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A general formula for the half-derivative?

  1. Jul 15, 2011 #1
    [tex]{H}^{2}x=\frac{dy}{dx}[/tex]

    Where

    H is the Half-derivative operator.

    My question is:

    Is there a general solution for:

    [tex]\frac{{d}^{\frac{1}{2}}}{{d}^{\frac{1}{2}}x}f(x)[/tex]

    or alternatively

    [tex]H\; f(x)[/tex]


    I have another question. What is the meaning of the symbol:

    [tex]\oint_{\alpha}^{\Omega}f'(x)\; dx[/tex]

    or

    [tex]\oint f'(x)\; dx[/tex]

    I don't get what it means when you have that circle in the centre.

    Thanks.
     
  2. jcsd
  3. Jul 15, 2011 #2

    tiny-tim

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    hi dimension10! :smile:

    the phrase to google is "fractional derivatives" or "fractional calculus" (or just go straight to http://en.wikipedia.org/wiki/Fractional_calculus" [Broken] :wink:)

    and ∫ on its own means between limits (which may be ±∞),

    but ∫ with a circle means over a closed path or surface, ie without limits :smile:
     
    Last edited by a moderator: May 5, 2017
  4. Jul 15, 2011 #3
    But they have not specified a general formula

    Thanks.
     
    Last edited by a moderator: May 5, 2017
  5. Jul 15, 2011 #4

    tiny-tim

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    Last edited by a moderator: Apr 26, 2017
  6. Jul 15, 2011 #5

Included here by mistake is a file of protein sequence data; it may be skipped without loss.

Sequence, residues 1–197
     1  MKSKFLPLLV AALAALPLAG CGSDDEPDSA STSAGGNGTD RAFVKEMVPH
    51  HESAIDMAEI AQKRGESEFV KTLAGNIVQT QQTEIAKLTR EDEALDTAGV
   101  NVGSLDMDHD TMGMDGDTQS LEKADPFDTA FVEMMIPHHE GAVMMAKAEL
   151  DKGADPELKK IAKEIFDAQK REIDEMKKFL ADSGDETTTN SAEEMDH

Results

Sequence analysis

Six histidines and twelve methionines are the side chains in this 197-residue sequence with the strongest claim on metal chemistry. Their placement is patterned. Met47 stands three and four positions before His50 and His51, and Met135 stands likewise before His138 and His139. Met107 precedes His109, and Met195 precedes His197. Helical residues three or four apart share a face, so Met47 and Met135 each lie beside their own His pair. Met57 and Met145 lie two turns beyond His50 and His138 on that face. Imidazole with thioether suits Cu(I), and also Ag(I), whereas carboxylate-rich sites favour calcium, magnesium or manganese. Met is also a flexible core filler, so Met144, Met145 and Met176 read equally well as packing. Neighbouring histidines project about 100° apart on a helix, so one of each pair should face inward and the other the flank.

Last edited by a moderator: Apr 26, 2017
  7. Jul 23, 2011 #6
    What is the notation for the opposite of the fractional derivative? As in,

    [tex]\frac{d}{dx}f(x)=f'(x) \Rightarrow \int f'(x) dx =f (x)[/tex]

    What about the fractional derivative?

    [tex]\frac{{d}^{\frac{1}{2}}}{{dx}^{\frac{1}{2}}}f(x)=f'(x)\Rightarrow Statement(P)[/tex]

    Then what is the notation for the statement P?

    Also, what is the opposite of the closed loop-integral thing?

    Thanks.
     
  8. Jul 23, 2011 #7

    tiny-tim

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    sorry, don't know :redface:
     
  9. Jul 23, 2011 #8

    HallsofIvy

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    That same site tiny-tim links to gives another site:
    http://en.wikipedia.org/wiki/Riemann–Liouville_integral
    that gives
    [tex]I^\alpha f(x)= \frac{1}{\gamma(\alpha)}\int_a^x f(t)(x- t)^{\alpha- 1} dt[/tex]
    as the "[itex]\alpha[/itex] integral" for any real [itex]\alpha[/itex].

    The "closed loop integral" is like a definite integral- a number. It does not take one function to another and so has no inverse.
     
  10. Jul 23, 2011 #9
    Thanks a lot.
     
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